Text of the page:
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Homemade Cleaning Products.

Updated on February 1, 2014

Going Organic

No matter what your take is on global warming I think we can all agree that we are impacting our planet in a negative way. There are those that go all out when it comes to being environmentally conscious and some that do absolutely nothing. For some doing nothing is just easier and for others they just do not know where to start. I for one started changing out the light bulbs in my house mainly to save a few bucks. After one year I have noticed a drop in my electric bill. The one drawback to fluorescent light bulbs is that they need to be recycled properly since they contain mercury, we do not want them to end up in a landfill. Another area that is easy to get started on being environmentally friendly is what products you use to clean the house.

For some of us, the chemicals in cleaning products can cause an adverse reaction. I for one have to be careful because some products give me a headache, which limits what I am using around the house to clean. There are products you can buy in stores or you can make at home. Some prefer to make their own cleaning product because it allows them to control the ingredients. There are those that prefer to buy their own environmentally safe products because of convenience. There are some great products out there that are environmentally safe. Here are some ideas and products.

Homemade Cleaning Supplies


White vinegar

Baking Soda

Club Soda

Lemon Juice

Rubbing Alcohol

Spray Bottle

Cleaning rags

Cleaning products that you can make at home that stretch the dollar.

One ingredient that stands out is using white vinegar. I know the smell isn’t great but neither is the smell that comes from many everyday products that we use.

  • Cleaning your kitchen or bathroom floors use a ½ cup of white vinegar for every one gallon of water. I also use a water and vinegar mix to clean my counters.
  • Washing you dishes by hand use a spray bottle and fill it ¾ with water and ¼ with lemon juice. Lemon juice cuts grease and this can be used on greasy counter tops and greasy stove top.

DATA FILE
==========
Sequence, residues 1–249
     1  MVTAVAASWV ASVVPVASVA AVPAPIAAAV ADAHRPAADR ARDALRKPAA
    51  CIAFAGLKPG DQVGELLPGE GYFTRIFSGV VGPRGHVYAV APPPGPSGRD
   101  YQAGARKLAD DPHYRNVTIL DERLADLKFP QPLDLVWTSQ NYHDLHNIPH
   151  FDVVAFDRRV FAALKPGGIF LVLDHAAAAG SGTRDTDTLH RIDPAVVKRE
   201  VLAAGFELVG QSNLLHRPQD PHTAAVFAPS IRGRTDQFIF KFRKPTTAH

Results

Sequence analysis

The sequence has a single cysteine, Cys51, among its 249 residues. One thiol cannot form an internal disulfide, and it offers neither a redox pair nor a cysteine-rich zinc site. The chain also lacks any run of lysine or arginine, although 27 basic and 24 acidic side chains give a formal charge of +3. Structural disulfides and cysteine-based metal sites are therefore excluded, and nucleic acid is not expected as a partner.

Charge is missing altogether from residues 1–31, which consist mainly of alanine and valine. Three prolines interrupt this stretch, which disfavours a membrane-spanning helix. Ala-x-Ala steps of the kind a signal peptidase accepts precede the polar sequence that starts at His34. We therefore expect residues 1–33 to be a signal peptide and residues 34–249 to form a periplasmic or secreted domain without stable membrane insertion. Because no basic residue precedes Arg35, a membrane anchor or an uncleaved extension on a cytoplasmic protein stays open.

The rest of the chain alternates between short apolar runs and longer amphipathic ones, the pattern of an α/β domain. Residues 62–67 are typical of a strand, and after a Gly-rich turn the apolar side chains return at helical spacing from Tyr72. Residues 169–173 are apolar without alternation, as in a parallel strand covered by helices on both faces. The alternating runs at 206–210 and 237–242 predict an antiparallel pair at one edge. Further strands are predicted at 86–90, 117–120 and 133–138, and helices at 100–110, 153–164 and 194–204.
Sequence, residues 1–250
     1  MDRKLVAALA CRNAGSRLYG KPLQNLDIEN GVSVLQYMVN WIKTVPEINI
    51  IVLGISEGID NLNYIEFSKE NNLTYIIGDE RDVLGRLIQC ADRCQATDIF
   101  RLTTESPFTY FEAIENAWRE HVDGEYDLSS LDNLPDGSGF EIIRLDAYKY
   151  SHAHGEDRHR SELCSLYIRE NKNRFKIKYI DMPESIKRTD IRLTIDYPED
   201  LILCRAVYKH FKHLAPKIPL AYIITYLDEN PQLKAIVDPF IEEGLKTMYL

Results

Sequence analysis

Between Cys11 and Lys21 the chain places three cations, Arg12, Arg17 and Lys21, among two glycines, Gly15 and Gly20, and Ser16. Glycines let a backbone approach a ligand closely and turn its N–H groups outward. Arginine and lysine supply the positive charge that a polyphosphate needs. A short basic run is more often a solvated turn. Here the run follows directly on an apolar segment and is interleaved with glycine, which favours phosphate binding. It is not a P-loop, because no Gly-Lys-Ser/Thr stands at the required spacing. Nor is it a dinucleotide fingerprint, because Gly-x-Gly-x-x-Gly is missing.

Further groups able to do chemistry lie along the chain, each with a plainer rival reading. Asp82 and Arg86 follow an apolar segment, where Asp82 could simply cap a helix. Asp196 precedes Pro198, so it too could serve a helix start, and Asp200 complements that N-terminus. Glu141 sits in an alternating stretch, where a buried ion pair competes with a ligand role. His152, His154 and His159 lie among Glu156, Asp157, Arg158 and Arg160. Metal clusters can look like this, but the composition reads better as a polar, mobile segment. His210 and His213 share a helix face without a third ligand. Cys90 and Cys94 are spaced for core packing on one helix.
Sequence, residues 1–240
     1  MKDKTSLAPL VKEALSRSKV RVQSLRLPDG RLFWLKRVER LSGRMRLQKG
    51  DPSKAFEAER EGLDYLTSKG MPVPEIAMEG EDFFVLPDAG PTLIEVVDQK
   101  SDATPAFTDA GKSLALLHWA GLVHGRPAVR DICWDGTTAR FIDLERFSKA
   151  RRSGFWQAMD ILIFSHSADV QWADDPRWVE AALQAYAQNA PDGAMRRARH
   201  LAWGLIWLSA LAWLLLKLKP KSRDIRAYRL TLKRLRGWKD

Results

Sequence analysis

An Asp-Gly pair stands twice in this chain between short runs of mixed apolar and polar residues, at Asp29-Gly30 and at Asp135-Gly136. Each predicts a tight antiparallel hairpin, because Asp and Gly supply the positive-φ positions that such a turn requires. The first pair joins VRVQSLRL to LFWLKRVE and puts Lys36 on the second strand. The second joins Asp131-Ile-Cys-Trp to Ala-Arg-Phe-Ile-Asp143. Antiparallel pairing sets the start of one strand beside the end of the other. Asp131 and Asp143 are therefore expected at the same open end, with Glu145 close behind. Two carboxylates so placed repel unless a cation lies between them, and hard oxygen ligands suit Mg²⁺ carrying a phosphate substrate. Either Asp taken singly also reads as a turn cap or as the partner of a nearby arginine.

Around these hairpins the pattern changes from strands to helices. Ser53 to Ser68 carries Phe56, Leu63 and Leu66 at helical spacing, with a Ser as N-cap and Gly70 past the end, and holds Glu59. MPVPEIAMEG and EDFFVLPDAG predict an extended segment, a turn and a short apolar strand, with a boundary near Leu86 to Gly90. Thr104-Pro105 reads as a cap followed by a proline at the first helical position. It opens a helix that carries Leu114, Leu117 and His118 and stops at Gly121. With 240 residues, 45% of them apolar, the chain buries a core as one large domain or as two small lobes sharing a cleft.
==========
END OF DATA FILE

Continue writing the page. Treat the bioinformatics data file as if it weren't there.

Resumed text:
• For cleaning wood floors and furniture buy citronella oil. Use undiluted for furniture polish on a lint free cloth. For cleaning floors dilute one cup of citronella oil to one gallon of water.
  • Another way to polish furniture is use ¼ cup of lemon juice with ½ of olive oil.
  • Club soda is great for cleaning small carpet or furniture stains.
  • Oven cleaner, just mix two tablespoons of baking soda into a cup add some water to make a paste. Use a bristled brush to scrub away the yuck in your oven.
  • Heavy duty toilet bowl cleaner, spray the bowl with vinegar and sprinkle baking soda around the bowl. Scrub away. Or try baking soda and lemon juice, and let it set for a bit the scrub.
  • Glass cleaner, mix ½ cup of vinegar for every gallon of water or 1 cup rubbing alcohol, 1 cup water and 1 cup of vinegar.

*Note: there are many variations for window cleaner.

*Note: ammonia is listed on many homemade cleaning supplies. It is natural but toxic. If you use ammonia, a little goes a long way.

For those that do not want to make their own, shopping for organic cleaning supplies in your neighborhood stores is easy since many big name stores carry organic products. Whole Foods and Trader Joe's are great places to shop for organic products.


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    • Kay Creates profile image

      Kay Creates 7 years ago from Ohio

      Great advice. Homemade cleaners work just as well or better than the commercial ones and are much safer.

    • profile image

      organic cleaing products 7 years ago

      thanks for the post i found it very helpful :)

      i am going to try out all these products :)